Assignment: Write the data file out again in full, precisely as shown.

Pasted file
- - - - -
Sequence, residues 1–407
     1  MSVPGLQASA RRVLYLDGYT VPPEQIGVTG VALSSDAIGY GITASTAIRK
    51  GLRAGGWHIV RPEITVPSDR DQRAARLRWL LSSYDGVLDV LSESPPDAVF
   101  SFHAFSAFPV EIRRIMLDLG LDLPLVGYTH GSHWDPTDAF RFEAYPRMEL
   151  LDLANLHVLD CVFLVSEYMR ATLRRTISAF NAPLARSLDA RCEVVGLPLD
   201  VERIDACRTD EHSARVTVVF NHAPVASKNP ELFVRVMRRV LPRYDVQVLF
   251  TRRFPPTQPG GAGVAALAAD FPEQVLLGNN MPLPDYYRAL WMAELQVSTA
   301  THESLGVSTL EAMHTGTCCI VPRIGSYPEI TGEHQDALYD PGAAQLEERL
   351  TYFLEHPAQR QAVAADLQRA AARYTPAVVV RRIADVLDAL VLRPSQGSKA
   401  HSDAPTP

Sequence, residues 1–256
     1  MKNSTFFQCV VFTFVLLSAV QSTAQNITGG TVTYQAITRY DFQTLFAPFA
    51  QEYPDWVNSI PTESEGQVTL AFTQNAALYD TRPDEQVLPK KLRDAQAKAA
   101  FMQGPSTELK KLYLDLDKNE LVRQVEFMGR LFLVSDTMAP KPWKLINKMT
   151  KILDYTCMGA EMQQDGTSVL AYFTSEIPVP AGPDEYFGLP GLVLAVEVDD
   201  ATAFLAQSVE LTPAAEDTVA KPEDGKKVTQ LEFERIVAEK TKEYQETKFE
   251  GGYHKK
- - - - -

Sequence, residues 1–407
     1  MSVPGLQASA RRVLYLDGYT VPPEQIGVTG VALSSDAIGY GITASTAIRK
    51  GLRAGGWHIV RPEITVPSDR DQRAARLRWL LSSYDGVLDV LSESPPDAVF
   101  SFHAFSAFPV EIRRIMLDLG LDLPLVGYTH GSHWDPTDAF RFEAYPRMEL
   151  LDLANLHVLD CVFLVSEYMR ATLRRTISAF NAPLARSLDA RCEVVGLPLD
   201  VERIDACRTD EHSARVTVVF NHAPVASKNP ELFVRVMRRV LPRYDVQVLF
   251  TRRFPPTQPG GAGVAALAAD FPEQVLLGNN MPLPDYYRAL WMAELQVSTA
   301  THESLGVSTL EAMHTGTCCI VPRIGSYPEI TGEHQDALYD PGAAQLEERL
   351  TYFLEHPAQR QAVAADLQRA AARYTPAVVV RRIADVLDAL VLRPSQGSKA
   401  HSDAPTP

Sequence, residues 1–256
     1  MKNSTFFQCV VFTFVLLSAV QSTAQNITGG TVTYQAITRY DFQTLFAPFA
    51  QEYPDWVNSI PTESEGQVTL AFTQNAALYD TRPDEQVLPK KLRDAQAKAA
   101  FMQGPSTELK KLYLDLDKNE LVRQVEFMGR LFLVSDTMAP KPWKLINKMT
   151  KILDYTCMGA EMQQDGTSVL AYFTSEIPVP AGPDEYFGLP GLVLAVEVDD
   201  ATAFLAQSVE LTPAAEDTVA KPEDGKKVTQ LEFERIVAEK TKEYQETKFE
   251  GGYHKK